Among many values-aligned partners, FMC also collaborates with state-wide farmers market organizations who themselves champion impactful messaging: Alaska Farmers Market Association is highlighting the way they experience community and connect with the land, while Vermont’s market vendors and operators are forging deep connections with their communities through responses to natural disasters. Coloradans are celebrating the impacts markets have on food access and sustainability, as Illinois highlights how farmers markets are innovating how we access culturally diverse and healthy foods and how we support small businesses, producers, and local economies. Minnesota Farmers’ Market Association spotlights how farmers markets are leading the way in their state with week-long festivities culminating in a celebration at the Winona Farmers Market to honor that market's 50th anniversary.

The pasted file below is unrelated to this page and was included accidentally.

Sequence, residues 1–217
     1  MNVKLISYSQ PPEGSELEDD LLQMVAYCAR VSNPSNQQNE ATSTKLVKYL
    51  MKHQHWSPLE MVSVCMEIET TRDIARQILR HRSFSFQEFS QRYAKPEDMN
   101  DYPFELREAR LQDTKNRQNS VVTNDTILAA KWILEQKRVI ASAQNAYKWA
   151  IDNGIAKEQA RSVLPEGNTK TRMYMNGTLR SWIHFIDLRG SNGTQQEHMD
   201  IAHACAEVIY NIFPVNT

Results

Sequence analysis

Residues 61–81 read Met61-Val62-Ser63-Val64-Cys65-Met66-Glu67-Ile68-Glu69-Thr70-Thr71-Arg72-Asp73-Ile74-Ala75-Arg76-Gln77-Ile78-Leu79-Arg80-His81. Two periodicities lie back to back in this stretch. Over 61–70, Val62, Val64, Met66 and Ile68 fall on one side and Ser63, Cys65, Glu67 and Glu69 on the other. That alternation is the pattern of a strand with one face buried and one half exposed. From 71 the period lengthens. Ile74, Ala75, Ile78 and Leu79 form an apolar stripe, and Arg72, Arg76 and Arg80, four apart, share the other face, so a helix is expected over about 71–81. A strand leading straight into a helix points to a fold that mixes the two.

Those who have interacted with farmers and market operators in any capacity understand that producing, transporting and selling food doesn’t afford spare time or energy to communicate such themes or implement these big-picture changes - not without the proper support and resources, at least. 


Behind the scenes of farmers market organizations and other such entities are teams of dedicated individuals navigating the nuances of data evaluation, technical feasibility, politics and public interest that spin that mad web that is our food system. They work to illustrate that given the necessary tools and sufficient support, market operators, consumers and the communities they serve can find everyone a seat at the table.


To delve deeper into the vast network of resources, programs and advocacy, visit www.farmersmarketcoalition.org.


Resources & Links



Anti-Racist Farmers Market Toolkit:



Bec Sloane is an Agricultural Research Associate at the Snyder Research and Extension Farm in Central NJ, as well as Communications Manager for the Farmers Market Coalition, and can be reached at bec@farmersmarketcoalition.org

24 views0 comments

Comments


bottom of page